Public Release: 

Cell phones don't contribute to learning

Virginia Tech

BLACKSBURG, VA -- People are using cell phones everywhere, even in schools, leading some school systems to ban them during the academic day. "Cell phones don't contribute to learning and are potentially a distraction," says Thomas Sherman, Virginia Tech professor of education. "There are already enough distractions; there's no need to add another."

Sherman, who researches how children learn, explains that cell phones may inhibit younger children from learning the full range of communication.

"Cell phones mediate or 'stand between' people," he says. The words are sent but the non-verbal information is not. Some consider the voice tone, facial expression, and physical gestures as important to the meaning of a message as the words. When communication is frequently mediated, it is possible children will not learn these subtle aspects of communicating well. Today much communication is mediated with telephones, computer e-mail, and video. It is appropriate to limit this mediated communication with young children.

Modern cell phones are sophisticated devices that, like games, television sets, and computers, operate from screens. The idea of excessive "screen time" worries many educators. Children can spend two to four hours each day in front of screens. Much of this time has limited physical and mental activity. Often solitary entertainment screen time can occupy the majority of children's out of school free time. Educators recommend that children engage in active play, read, play social board games, and fantasy play. "Screen time" should be limited.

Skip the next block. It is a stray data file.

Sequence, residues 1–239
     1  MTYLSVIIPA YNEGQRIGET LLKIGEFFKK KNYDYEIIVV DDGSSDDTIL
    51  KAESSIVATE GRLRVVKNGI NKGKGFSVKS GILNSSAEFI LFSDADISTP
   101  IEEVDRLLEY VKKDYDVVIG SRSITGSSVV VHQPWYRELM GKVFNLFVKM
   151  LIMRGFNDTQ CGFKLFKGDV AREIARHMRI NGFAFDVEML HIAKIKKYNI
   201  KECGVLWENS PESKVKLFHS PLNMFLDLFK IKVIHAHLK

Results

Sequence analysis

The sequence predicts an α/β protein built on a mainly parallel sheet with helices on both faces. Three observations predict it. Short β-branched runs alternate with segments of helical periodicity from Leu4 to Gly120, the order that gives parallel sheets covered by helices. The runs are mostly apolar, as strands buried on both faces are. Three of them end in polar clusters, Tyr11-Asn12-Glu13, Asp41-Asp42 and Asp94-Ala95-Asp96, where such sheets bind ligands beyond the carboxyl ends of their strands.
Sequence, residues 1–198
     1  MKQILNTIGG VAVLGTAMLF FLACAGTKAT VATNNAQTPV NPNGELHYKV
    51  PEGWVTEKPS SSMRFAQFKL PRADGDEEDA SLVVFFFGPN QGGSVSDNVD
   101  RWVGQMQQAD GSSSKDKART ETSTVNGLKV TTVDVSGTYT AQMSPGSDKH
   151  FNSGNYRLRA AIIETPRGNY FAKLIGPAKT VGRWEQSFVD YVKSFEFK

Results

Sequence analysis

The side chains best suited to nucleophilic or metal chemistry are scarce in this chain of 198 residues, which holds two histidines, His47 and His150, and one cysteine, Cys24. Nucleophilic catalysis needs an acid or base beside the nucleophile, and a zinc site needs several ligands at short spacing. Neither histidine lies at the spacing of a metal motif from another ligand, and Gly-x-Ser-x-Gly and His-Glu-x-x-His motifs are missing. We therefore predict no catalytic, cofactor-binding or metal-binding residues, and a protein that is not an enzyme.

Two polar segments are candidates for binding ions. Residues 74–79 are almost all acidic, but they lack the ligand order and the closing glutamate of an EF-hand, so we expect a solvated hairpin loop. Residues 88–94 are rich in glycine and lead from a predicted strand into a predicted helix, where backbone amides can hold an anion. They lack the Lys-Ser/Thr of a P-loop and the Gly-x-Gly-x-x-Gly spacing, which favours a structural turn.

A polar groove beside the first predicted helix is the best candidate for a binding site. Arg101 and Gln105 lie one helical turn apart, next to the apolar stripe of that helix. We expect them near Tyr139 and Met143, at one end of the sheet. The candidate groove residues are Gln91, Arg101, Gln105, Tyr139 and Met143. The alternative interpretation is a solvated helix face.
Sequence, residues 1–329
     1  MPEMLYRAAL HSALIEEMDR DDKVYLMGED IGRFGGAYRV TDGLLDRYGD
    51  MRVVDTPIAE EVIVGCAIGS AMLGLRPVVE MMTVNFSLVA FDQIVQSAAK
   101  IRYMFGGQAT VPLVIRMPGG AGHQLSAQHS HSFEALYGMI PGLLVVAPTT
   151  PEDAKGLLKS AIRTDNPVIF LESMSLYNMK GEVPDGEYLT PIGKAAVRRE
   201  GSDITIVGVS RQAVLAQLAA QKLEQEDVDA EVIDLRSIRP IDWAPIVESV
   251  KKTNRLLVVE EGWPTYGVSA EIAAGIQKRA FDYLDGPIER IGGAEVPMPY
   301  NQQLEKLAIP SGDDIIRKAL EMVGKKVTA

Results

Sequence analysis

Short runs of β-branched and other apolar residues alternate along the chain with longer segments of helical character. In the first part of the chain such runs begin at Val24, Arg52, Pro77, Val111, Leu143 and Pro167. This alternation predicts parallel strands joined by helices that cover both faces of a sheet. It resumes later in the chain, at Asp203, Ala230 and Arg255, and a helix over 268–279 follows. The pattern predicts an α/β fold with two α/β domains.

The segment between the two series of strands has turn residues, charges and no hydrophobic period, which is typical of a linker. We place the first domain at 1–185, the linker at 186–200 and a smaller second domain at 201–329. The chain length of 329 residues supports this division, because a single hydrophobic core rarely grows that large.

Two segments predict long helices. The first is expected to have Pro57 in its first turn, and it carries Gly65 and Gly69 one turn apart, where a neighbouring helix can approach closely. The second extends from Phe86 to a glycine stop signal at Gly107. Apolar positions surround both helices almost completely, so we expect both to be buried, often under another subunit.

Sherman listed a few other reasons for not having cell phones in school including that the ringing can be a distraction. Cell phones could contribute to social inequities creating a new level of "have/have-not" distinction. There may also be a "keep up with Jones'" response as new and fancier phone technology comes along. Cell phones are small and getting smaller, thus, are easily lost and a potential target for theft.

"There are no good reasons for children to have cell phones," he says. One of the reasons frequently given for youngsters to have cell phones is to allow them to be able to contact someone in an emergency. "But schools are safe places so emergencies don't happen often," Sherman says. "Schools are good about recognizing emergencies and making the appropriate contacts. Besides, it is not good to give children the impression schools are unsafe - exactly the opposite of the truth.

"There really are no clear learning related uses," Sherman says, "and several disadvantages."

It also is not accurate for families to think that the cell phone is making it easier for daily planning. Sherman suggested that waiting until the last minute to make plans -thus necessitating a call to the child - is a poor model for children. It is a better model for children to be learning to plan and study with a longer perspective. Parents should keep children informed and within a well planned context.

"Young students don't need this electronic tether to home and parents. They should learn to make decisions and experience the consequences. If children can't make, on their own, the decisions needed at school, they may never learn to be independent thinkers. We just don't need to be so 'connected,'" Sherman says.

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PR Contact: Mary Ann H. Johnson
Agriculture and Extension Communications
Virginia Tech
(540) 231-6975
jnayram@vt.edu

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